The light is returning to this part of our hemisphere, and a sense of spring after the wettest winter since records began.
  Father blackbird is now singing his beautiful song. A glimmer of sunshine brightens the green of the shrubs and box hedge, until it reaches the far boundary fence.
A plane glides round in the sky on it's gradual descent to the airport several miles away."
After breakfast I went to buy a new pair of garden secateurs from a nearby centre in order to complete the spring pruning of the roses. The centre borders on some fields. As I was walking back to the car, I heard the liquid notes of a skylark, soaring up into the clear blue. The first I have heard this year. Such a joyful sound. I stopped to listen.

To a Skylark

Ethereal minstrel! pilgrim of the sky!
Dost thou despise the earth where cares abound?
Or, while the wings aspire, are heart and eye
Both with thy nest upon the dewy ground?
Thy nest which thou canst drop into at will,
Those quivering wings composed, that music still!

Leave to the nightingale her shady wood;
A privacy of glorious light is thine;
Whence thou dost pour upon the world a flood
Of harmony, with instinct more divine;
Type of the wise who soar, but never roam;
True to the kindred points of Heaven and Home!
 I came home and began to prune the roses, not needing a coat or jacket, with the sun warm on my face. Spring is beginning once more in that great cycle of seasons and life, with it the season of Lent, which began this week with Shrove Tuesday.

Tiger on my birthday in February.
      A group of us spent Ash Wednesday evening in a time of reflection, and shared Communion together. It was very special.
   So another season of the year unfolds................................................................

Friday, 31 January 2014

Snapshots of time. January 2014.

At the moment, I have been fascinated each day by two magpies in a neighbouring tree, as they have begun to reconstruct their old nest. (This web photo shows one already finished.) They take several weeks, as it is a domed structure, and the inside lined with mud, which dries. 
   I do not particularly like magpies, as they are noisy, in your face, kinds of birds which steal eggs and new chicks from other nests. That is nature I suppose, as each creature has to eat. They can't go out and buy their food.  Yet as I can see them now from my window in the neighbour's tree, they are already busy at the beginning of this grey January day, bringing small twigs in their large beaks, then working together to place them exactly where they want them to be fixed.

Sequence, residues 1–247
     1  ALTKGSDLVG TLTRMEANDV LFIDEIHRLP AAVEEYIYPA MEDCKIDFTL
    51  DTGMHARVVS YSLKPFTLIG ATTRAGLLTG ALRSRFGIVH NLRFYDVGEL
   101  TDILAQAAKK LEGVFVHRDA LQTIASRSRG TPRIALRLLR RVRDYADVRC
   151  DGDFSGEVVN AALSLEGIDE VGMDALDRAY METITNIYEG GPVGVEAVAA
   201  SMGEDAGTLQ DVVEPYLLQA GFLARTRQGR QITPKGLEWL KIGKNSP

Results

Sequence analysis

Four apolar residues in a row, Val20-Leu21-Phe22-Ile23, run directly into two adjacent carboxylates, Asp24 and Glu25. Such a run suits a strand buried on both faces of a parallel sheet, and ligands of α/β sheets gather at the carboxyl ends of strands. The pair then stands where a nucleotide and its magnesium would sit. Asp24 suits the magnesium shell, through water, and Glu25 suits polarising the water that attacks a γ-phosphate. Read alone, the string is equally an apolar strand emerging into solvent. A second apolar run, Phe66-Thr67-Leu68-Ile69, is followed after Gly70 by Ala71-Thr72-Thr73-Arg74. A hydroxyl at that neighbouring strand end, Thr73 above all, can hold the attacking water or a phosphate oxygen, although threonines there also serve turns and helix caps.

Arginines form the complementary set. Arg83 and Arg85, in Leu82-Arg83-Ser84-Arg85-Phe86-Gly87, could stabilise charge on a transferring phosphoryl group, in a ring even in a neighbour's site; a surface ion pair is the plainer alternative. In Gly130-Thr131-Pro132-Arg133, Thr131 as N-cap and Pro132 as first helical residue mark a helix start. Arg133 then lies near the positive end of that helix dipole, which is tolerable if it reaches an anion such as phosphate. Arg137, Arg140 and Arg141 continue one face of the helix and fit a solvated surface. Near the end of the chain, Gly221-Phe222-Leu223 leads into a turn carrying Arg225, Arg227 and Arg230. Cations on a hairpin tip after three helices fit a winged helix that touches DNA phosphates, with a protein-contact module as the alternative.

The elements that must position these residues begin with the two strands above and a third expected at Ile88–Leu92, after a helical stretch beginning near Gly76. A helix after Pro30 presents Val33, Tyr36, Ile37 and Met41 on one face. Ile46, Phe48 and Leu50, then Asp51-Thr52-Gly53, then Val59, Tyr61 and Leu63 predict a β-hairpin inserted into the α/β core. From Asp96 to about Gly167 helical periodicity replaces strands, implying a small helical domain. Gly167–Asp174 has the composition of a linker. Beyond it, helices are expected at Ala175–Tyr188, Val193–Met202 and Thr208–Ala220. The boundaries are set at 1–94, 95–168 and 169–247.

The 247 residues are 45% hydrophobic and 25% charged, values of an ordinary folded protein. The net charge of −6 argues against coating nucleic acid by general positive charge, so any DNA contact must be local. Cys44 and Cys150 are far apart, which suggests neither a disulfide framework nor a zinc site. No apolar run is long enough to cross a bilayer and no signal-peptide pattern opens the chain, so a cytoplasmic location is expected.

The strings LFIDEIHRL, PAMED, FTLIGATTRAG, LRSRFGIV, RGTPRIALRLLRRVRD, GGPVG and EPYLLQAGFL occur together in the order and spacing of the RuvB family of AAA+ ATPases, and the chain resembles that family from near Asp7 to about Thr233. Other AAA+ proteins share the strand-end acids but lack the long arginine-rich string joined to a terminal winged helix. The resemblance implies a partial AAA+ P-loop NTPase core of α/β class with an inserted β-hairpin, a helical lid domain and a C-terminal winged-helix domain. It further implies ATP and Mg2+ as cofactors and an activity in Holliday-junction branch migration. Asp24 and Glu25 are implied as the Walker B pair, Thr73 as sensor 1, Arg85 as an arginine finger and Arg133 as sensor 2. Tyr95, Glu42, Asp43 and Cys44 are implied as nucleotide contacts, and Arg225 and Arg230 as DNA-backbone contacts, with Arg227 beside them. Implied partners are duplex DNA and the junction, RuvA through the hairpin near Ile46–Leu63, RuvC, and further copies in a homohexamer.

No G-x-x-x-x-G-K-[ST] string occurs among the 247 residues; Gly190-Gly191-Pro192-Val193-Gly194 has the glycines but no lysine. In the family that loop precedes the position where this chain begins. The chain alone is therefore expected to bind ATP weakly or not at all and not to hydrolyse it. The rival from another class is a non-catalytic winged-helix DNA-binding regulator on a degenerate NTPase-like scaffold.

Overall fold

They have my sneaking admiration for their diligence and effort, being completely focused on the task in hand.               
Early January. Afternoon sun.  
As it has been some time since my last post, I thought I would simply attach photos of random things in January. It has been the wettest month for a century  particularly in the South and South West of England. many places are still flooded. It has also been very mild, and the blackbirds have begun to sing early. I still have flowering roses! Here at least in the West Midlands we have not had the awful floods of Somerset and other counties further South. We did have some snow flurries yesterday, but nothing like the freeze of last January.
    The beginning of February traditionally seems to herald snow in the first two weeks, but we will have to wait and these topsy turvy seasons anything can happen.  
Irises blooming! 

A halo round the sun.  

January roses.

Moonlit sky. 

Snowdrops in Cambridge. We spent a couple of days there on January 26th - 27th. 
A morning walk. Moor Hall Golf Club estate. Sutton Coldfield.
Mid January. 

King's College. Cambridge.
January 27th.

The magnificent King's College Chapel.
Cambridge. January 27th 

Nest building January 30th 2014
Nest under construction in nearby tree. 
Snow flurries. 30th January.